- Constantinople was expected to go live today Sunday October 14, 2018 on Ropsten.
- Failure blamed on lack of consensus.
- Constantinople is expected to be Ethereum’s largest upgrade.
The eagerly awaited Constantinople Hard Fork will not be happening, anyway. The Ethereum ecosystem expected the release of Constantinople to go live today Sunday, October 14, 2018
Release Goes Haywire
Ethereum’s upcoming hard fork, christened ‘Constantinople’ was all set to become activated on the Ropsten block number 4,230,000. However, reliable information from exploring sites like Blockscout and Etherscan show that the Ropsten network got stuck at block 4,299,999.
The release manager for the Ethereum client parity Afri Schoedon has stated that lack of miners on the Ropsten network caused the stall to push the newly upgraded blockchain ahead. Schoedon wrote on the Gitter Channel:
“The fact that all clients are ‘stuck’ means that there is no valid Constantinople block yet.”
The testnet release had been scheduled to happen last week but was postponed to Sunday October 14th after a bug was discovered in one of the five changes of Constantinople. Even as late as yesterday, a client’s meeting with several software clients confirmed that everything was in place for the test to take place. However, lead developer Afri Schoedon gave the bad news in a tweet stating:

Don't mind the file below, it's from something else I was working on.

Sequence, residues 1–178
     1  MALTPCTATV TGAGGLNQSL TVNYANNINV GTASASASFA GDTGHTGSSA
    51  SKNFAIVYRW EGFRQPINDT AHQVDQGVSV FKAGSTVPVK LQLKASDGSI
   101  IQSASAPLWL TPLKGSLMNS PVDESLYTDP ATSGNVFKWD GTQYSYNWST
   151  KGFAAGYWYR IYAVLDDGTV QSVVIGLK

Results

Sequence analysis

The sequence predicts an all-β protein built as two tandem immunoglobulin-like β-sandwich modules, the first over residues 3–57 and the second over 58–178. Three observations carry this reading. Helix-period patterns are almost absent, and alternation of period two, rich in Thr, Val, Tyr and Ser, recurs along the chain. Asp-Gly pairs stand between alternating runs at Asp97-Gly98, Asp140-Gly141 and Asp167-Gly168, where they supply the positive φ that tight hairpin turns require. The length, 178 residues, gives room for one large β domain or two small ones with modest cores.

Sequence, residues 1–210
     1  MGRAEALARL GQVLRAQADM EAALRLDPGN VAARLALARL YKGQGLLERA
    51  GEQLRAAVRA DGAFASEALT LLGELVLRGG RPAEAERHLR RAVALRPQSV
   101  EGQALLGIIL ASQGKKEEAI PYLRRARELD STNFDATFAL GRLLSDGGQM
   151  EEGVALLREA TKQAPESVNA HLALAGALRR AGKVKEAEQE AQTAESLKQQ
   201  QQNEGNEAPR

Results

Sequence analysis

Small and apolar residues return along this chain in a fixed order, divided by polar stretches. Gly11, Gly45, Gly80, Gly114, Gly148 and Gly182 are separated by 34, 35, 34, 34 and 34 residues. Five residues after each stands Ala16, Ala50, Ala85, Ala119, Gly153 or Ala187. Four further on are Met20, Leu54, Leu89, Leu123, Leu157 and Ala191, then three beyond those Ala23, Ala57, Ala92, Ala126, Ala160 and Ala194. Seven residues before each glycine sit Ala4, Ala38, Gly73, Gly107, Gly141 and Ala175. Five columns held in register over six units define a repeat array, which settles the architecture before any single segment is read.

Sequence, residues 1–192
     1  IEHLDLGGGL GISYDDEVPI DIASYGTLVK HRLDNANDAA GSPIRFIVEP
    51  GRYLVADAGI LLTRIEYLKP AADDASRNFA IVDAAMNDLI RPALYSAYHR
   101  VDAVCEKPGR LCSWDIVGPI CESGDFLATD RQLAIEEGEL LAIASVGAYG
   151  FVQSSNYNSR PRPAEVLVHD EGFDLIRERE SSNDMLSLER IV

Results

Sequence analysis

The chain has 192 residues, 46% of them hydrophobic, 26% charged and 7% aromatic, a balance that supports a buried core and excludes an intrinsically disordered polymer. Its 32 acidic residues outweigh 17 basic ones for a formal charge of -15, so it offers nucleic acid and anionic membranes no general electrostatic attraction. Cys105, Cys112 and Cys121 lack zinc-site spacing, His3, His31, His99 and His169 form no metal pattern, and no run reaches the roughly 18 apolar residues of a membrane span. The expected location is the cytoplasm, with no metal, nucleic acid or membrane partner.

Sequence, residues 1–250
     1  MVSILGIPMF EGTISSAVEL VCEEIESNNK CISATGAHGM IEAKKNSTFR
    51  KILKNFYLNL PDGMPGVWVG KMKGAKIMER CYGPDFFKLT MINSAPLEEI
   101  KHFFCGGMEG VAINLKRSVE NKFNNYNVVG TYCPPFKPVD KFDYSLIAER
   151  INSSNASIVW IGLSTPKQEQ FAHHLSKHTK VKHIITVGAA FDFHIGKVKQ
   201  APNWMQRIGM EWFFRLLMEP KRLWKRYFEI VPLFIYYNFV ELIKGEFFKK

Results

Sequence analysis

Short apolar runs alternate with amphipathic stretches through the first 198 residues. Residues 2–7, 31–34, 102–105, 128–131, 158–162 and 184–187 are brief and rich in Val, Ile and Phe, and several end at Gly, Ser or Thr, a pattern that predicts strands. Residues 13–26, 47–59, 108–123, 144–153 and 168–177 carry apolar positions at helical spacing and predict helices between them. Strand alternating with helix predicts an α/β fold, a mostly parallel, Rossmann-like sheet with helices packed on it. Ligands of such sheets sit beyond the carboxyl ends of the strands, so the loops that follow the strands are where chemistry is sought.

no constantinople in 2018, we have to investigate
— ???? ???????? (@5chdn) October 13, 2018
Upgrade’s Long-term Implications
Constantinople is one of Ethereum’s largest upgrades which is expected to bring on board several positive changes to Ethereum’s blockchain and introduce several better end user-experiences. One of the most notable of the expected changes is a block reward deduction from 3 ETH to 2 ETH every 14 seconds.
The 33 percent reduction of block rewards is expected to drastically improve the Ether inflation rate, which is currently 7.4 percent annually. According to Venezuelan cryptocurrency commentator Eduardo Gomez, the move is comparable to a “Bitcoin block reward halving event;” he said the prices will first dump before they moon in the months after the event.
There was what appeared to be an urgent plea to developers to access the “monitoring Geth note to start mining” but unfortunately nothing positive seems to have happened. Schoedon seemed to allude to the fact that the weekend was probably not the best time for the release of Constantinople on Ropsten “Not for later: never fork on weekends.”
Ropsten is a useful tool for Ethereum developers giving them a platform for testing the performance of new codes in a simulated environment away from the main ecosystem. Ethereum successfully tested the Byzantium hard fork that took place last year on Ropsten for about a month before it was officially released on Ethereum’s MainNet. The delayed release hasn’t been confirmed by other developers and it’s not clear when it will happen again.